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"Yes. It was easy in the past to give way to British exceptionalism - the fascists never took hold here, etc. Perhaps even other member states of the EU are a bit shocked at what has happened here. But happening it is."

(From The Guardian readers' forum.)

Is happening it a subject in the sentence But happening it is?

I think that the verb is is a linking verb in But happening it is and some sort of suspension is an implied complement in that sentence. My second question is: what does that implied complement refer to (in the context of the cited passage)?

My third question is: is my line of thinking incorrect because the verb is (a stative one) in But happening it is is devoid of any complement?

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It's a rearranged way of writing "But it is happening" (present progressive verb tense). Bringing the word "happening" to the front gives it extra emphasis.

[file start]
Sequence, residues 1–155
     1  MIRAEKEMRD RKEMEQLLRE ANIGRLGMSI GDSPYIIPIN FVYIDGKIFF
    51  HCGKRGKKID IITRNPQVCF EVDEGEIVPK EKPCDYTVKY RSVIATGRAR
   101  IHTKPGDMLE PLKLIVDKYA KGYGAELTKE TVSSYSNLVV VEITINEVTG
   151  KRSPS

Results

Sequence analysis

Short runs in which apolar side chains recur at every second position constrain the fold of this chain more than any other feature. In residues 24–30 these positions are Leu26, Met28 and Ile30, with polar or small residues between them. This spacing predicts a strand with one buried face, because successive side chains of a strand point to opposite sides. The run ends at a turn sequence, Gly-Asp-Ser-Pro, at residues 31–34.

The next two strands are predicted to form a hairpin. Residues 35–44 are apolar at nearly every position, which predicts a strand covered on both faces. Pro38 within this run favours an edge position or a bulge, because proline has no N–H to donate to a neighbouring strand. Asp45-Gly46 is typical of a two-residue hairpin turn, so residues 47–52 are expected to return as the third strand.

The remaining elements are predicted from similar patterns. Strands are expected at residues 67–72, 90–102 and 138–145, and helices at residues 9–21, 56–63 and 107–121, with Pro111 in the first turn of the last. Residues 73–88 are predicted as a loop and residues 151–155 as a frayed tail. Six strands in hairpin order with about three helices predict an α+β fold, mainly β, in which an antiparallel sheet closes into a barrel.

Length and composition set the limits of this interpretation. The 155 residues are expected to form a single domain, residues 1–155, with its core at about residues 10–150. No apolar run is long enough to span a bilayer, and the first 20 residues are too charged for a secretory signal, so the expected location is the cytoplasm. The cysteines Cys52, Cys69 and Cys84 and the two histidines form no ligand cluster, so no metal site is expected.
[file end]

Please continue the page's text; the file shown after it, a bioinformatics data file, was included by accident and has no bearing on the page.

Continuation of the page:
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But happening it is.

No, it's not a linking verb, but progressive 'be'.

This is an example of preposing, where the complement of "is", i.e. the verb "happening", has been preposed to a position in front of the subject "it".

The 'basic' order would be "But it is happening".

Preposed complements typically serve as a link to the preceding discourse, and must be closely related to information previously introduced; in this case it's related to the statement "Perhaps even other member states of the EU are a bit shocked at what has happened here"

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